Greed in the UK 2013

It’s appalling, but true, that the poorest in our society pay for the tax cuts of greedy.
The Sunday Times Rich List figures show that the collective wealth of the UK’s 1,000 richest rose 30 per cent in 2009 in wake of economic crisis.
The combined wealth of the top 1000 rose by over £77bn to £333.5bn, the biggest annual increase in the 22-year history of The Sunday Times rich list.
Meanwhile on a vital KPI of George Osborne’s the cost of benefit fraud is £1bn.
My maths tells me that this is a one three hundred and thirty third of the wealth of the richest thousand in the UK. Where is Osborne’s focus? 
It’s to emphasize the few that cheat (and course they need to be stopped) 
However, unclaimed benefits amount to £16.5 billion, so lets get it in proportion.
And the estimated tax owed to us is £70 billion.
  
From 1997 to 2007 the average income of the top 1 per cent of UK earners increased from £187,989 to £301,325 – an increase of just over 60 per cent (income of the top 0.1 per cent almost doubled).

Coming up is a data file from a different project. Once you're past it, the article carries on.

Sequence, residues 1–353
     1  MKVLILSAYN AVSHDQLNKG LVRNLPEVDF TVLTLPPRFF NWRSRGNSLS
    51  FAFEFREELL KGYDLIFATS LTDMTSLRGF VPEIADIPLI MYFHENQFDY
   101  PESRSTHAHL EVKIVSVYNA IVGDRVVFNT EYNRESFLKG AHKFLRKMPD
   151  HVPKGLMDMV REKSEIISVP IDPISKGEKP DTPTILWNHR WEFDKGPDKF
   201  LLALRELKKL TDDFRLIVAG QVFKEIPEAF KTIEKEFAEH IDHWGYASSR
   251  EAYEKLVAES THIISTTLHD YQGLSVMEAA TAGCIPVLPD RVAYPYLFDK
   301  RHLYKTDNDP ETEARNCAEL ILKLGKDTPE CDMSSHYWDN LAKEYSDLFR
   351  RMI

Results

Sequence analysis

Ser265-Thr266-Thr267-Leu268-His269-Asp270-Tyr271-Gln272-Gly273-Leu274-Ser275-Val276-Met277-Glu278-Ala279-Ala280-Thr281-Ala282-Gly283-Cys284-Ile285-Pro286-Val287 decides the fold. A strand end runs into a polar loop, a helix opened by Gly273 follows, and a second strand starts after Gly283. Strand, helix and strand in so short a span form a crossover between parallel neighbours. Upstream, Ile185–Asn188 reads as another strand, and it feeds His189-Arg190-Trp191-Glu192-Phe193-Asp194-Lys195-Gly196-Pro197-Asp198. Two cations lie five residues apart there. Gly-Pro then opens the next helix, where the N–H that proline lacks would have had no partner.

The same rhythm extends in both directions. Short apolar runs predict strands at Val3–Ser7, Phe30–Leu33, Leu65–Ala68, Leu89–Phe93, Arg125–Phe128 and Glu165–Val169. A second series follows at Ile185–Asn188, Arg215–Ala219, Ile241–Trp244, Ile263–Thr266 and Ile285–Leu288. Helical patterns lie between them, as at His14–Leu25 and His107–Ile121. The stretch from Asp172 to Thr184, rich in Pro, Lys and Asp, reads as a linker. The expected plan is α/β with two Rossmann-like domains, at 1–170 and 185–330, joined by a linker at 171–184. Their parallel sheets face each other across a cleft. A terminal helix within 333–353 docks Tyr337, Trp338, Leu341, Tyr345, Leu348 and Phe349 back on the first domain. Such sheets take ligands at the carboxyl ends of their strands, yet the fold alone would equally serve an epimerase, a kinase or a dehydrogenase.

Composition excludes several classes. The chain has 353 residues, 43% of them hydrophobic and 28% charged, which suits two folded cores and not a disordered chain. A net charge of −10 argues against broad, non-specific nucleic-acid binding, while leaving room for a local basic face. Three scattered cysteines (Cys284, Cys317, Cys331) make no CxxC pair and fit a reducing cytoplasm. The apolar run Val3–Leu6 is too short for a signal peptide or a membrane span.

The increase in the tax contribution by the top 1 per cent, from 21 per cent in 1997 to 26 per cent now, means that their contribution is around 23 per cent higher (or 28.5 per cent if you go with the 27 per cent current figure), relative to what they were paying in 1997.
Either figure is far less than the increase of at least 60 per cent (and probably considerably more) in their incomes. The wealthiest now pay substantially less toward our national upkeep than they were 15 years ago, relative to their wealth.

Published by Rob

Now 70, I'm getting back into website development and brand protection, as well as showcasing the delightful artistic talents of my beautiful wife Lynne. My projection will encompass a lifetime of database marketing, as well as the Christian democratic socialist ideals of my wife and I.

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